Twelve men stood abreast in front of the strong stone wall that separated Aversano from the Hill Country, watching. Always watching. Laws prohibited the men from scaling the wall, but their object was never to climb, it was only to watch. To watch for movement, for a breach, for a defector, for anything that would give them an excuse to satisfy their curiosity and peer over the ominous stone blocks. They stood by the wall every day from mid-afternoon till the sun disappeared behind the lavender horizon, oblivious to the young eyes that watched their backs, wondering what was so important about this huge wall.
Special guards, hired by the company that commissioned the construction of the wall, patrolled the perimeter day in and day out, giving the wall watchers a reason to feel fright. They stood a foot taller than most men, with muscles bulging from massive forearms, torsos, and legs. Dressed in pure white garments, they held no weapon in their hand, as theirs was not the way of violence. Every so often, a guard would pass by the spot where the men stood, watching the wall. Seeing their plight, he drew close to the first man, and rested a firm hand on the man’s shoulder.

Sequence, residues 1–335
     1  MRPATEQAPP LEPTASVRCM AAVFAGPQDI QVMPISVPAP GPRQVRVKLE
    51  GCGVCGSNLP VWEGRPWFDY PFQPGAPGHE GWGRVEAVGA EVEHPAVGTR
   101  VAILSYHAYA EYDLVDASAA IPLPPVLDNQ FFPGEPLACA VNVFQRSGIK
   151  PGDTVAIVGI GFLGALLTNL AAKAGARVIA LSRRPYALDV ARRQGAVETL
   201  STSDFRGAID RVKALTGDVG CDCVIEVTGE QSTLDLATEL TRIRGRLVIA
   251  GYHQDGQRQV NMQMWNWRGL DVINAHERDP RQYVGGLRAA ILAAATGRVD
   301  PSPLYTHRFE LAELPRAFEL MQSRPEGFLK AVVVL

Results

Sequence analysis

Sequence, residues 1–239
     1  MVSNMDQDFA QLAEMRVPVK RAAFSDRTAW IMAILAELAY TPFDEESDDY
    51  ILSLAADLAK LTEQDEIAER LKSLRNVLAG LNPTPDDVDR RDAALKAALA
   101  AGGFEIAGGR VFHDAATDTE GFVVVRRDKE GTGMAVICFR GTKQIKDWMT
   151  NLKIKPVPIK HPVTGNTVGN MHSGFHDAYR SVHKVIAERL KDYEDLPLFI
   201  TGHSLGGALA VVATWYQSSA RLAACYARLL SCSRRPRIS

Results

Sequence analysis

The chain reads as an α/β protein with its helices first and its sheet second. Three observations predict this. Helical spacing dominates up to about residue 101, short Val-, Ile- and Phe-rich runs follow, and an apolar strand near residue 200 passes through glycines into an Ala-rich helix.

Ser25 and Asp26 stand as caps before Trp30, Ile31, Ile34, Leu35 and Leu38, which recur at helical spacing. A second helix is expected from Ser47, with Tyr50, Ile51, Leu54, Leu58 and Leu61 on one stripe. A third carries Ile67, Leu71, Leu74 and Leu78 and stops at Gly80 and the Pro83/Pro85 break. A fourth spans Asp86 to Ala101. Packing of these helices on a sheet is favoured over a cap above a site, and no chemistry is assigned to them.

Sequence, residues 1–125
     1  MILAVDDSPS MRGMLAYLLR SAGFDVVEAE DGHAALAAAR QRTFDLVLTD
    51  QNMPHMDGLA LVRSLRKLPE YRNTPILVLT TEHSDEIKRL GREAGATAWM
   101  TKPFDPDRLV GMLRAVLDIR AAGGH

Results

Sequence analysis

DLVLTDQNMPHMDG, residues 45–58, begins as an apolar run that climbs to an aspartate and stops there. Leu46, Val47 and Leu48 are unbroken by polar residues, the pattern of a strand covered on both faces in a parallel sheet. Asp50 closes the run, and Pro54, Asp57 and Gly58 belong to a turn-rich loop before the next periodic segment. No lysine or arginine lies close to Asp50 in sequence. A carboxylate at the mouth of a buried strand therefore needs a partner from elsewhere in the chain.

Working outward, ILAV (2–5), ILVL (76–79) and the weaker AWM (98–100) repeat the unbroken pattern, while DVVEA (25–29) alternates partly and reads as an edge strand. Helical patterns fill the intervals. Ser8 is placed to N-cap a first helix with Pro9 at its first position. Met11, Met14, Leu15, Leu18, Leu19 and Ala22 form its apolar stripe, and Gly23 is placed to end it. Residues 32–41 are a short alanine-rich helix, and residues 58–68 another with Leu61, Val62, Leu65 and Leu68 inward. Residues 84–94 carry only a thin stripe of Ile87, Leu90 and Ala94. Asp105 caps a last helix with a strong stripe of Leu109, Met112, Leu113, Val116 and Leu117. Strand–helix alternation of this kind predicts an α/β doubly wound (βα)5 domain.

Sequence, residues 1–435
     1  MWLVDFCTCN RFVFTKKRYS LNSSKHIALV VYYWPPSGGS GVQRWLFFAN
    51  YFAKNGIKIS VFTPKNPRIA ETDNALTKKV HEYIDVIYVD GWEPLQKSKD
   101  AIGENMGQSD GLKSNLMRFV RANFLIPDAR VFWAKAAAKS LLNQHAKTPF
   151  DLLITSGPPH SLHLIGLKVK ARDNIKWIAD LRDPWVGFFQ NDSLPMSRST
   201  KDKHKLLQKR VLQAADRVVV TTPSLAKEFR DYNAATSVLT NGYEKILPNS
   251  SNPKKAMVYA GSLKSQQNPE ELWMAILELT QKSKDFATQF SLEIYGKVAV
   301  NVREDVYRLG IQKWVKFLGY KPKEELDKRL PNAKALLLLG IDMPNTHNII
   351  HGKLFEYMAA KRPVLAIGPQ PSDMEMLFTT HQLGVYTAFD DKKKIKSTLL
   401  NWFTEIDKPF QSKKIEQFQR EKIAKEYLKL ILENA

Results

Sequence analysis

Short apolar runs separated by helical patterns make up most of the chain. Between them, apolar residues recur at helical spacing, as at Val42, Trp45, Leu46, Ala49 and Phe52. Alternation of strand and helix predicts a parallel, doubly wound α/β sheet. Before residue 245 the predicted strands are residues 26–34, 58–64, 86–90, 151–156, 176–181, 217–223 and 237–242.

“Come back with me,” he said gently. “Away from the wall.” Then, with a little more urgency in his voice: “There is nothing to see here.”
The first man looked up at the guard clad in white and immediately turned away, fearing a harsh rebuke or severe punishment. The guard merely stepped aside to let him pass, and then moved on to the next man.
A hand on the man’s shoulder, the guard repeated his plea to the first man.
“Come back with me. Away from the wall. There is nothing to see here.”
One by one, at the guard’s encouragement, the men began to drift away from the wall, back to their homes deep within the town of Aversano, back to their families and careers, their curiosity quelled for the moment. They never imagined they would be back at the wall again, but the guards knew, and they would remain on patrol, waiting. Patiently waiting.